[00:18:00] Jeffrey: I mean, he just, in addition to having seen some of the worst things in the world, he, he was dealing with this shit, right, and he was, He was hard. I mean, it was like, he was awesome. He was funny. He’s the most brilliant person I’ve ever met. But he, what, what he did that was so helpful is, you know, as an activist organization basically saying, Hey, this, these sanctions are killing the vulnerable.
[00:18:23] Jeffrey: The, the thing that those, um, delegations would typically do is go from hospital to hospital to hospital. But the problem is if you haven’t really thought through how you’re going to be in those places, then you could do a lot of damage. And so people, I, I had to pull people out of hospital rooms because they would go in with the doctor and there’d be a woman in her child.
[00:18:43] Jeffrey: And her child was like emaciated. It was like dying as it looked awful. Right. And, and this is way before I was a parent, so it would’ve hit a whole different way had I been a parent. But like the doctor. Is telling you all sorts of things in English about this kid and maybe about this mom. In most cases, [00:19:00] they did not speak English and so they’re watching this doctor say all kinds of words to us and, and some people are starting to cry and shaking their head and all that stuff and it’s like, Hey, this woman doesn’t know what’s going on.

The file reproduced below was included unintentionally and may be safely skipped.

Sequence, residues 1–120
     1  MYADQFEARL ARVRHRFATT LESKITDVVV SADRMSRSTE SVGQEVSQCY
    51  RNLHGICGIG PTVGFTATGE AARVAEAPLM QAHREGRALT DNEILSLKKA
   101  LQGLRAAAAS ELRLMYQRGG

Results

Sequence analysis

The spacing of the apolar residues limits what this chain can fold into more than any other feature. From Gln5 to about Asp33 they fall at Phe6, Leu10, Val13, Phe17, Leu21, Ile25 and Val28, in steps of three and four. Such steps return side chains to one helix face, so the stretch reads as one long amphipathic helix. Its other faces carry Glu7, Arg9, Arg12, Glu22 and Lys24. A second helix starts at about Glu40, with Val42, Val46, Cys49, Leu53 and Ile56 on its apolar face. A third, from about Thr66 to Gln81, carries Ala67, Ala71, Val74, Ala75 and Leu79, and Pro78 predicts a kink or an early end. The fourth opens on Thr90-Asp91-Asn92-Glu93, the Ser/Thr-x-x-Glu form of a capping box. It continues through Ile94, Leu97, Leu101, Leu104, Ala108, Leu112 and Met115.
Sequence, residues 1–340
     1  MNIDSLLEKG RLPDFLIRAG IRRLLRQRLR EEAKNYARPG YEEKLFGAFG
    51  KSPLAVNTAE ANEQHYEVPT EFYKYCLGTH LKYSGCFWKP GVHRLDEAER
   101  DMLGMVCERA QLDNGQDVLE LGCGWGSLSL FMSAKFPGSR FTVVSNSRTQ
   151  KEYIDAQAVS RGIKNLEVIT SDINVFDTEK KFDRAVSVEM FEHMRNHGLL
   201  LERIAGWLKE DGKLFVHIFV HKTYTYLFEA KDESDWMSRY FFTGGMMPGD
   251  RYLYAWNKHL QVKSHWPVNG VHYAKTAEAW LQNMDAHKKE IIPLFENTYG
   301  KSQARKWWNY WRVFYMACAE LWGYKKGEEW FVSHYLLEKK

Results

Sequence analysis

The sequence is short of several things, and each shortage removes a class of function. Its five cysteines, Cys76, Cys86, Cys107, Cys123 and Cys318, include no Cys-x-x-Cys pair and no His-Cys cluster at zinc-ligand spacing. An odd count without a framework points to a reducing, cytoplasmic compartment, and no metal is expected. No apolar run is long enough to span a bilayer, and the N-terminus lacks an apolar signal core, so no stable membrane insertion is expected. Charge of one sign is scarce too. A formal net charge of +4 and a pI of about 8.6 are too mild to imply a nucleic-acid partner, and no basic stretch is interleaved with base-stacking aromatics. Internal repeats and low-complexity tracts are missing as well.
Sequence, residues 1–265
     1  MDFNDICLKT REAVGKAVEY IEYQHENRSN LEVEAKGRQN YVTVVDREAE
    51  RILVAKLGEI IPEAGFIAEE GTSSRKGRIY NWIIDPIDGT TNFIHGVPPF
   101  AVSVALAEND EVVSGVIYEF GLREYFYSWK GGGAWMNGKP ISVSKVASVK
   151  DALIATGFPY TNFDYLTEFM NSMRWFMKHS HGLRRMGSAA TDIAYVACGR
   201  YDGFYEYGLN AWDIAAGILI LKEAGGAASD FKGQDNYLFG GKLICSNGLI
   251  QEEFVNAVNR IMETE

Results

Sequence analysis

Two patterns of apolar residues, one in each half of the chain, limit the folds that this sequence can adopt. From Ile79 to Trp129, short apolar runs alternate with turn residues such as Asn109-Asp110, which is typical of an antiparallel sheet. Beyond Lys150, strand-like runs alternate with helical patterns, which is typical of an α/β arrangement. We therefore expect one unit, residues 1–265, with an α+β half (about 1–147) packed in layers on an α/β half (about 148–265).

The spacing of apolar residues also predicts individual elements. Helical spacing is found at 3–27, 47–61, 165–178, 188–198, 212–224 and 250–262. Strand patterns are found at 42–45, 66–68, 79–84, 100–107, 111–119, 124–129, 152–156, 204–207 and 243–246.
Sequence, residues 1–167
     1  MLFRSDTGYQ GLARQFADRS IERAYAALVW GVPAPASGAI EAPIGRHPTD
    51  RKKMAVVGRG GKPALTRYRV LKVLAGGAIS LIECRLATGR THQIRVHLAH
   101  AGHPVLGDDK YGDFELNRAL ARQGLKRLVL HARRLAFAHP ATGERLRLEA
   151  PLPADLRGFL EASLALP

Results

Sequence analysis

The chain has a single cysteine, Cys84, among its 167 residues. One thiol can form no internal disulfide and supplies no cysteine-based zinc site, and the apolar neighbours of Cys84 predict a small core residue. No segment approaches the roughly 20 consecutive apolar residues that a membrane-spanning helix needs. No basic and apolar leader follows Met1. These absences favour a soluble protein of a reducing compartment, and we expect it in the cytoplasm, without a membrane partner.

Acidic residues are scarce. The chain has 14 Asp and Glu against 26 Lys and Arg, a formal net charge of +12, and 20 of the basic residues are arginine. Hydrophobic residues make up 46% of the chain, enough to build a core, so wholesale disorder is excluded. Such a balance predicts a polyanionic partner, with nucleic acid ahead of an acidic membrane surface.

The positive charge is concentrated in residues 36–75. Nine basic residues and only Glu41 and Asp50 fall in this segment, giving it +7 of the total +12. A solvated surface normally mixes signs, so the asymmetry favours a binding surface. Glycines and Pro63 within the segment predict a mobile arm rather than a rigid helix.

[00:19:13] Jeffrey: Like for all we know, this doctor has been a shit doctor and has not said anything about prognosis or anything like that because he doesn’t, maybe he just never developed a language for having that kind of relationship with a patient. You never know. Or maybe he’s amazing, but like let’s just assume that she is under inform, like anybody sitting in a hospital ever, right?
[00:19:31] Jeffrey: You cannot start crying and shaking your head because it is going to cause a response in her. It might be. And it might be fear and it might be sadness, it might be all kinds of things that we don’t even have the right to try to understand, cuz we’re not her. We’re not there. And, and so I went from that kind of thing where I would kind of pull people out to like then training people about
[00:19:54] Christina: So, so, so you would see people, so, so people would actually cry like in the room, like they would.
[00:19:58] Jeffrey: and shake their head. [00:20:00] That’s the part that was actually, they would look at the, the mother and just make a contact. Well-meaning, of course, but intentions as we know are not magic. Especially when there’s a language barrier in a and in a, in a fascist state where you don’t trust anything anyhow. Right.
[00:20:15] Jeffrey: Like, um, and so eventually I, I just, I really wanted to just stop going to so many hospitals cause it just felt like we know this story and I don’t know that we do, I don’t think we do more good than bad when we go, you
[00:20:28] Christina: Yeah. Yeah. I was gonna say, um, at, at, at a certain point, once you started bringing people, did you notice that like the stories all stayed the same? Was that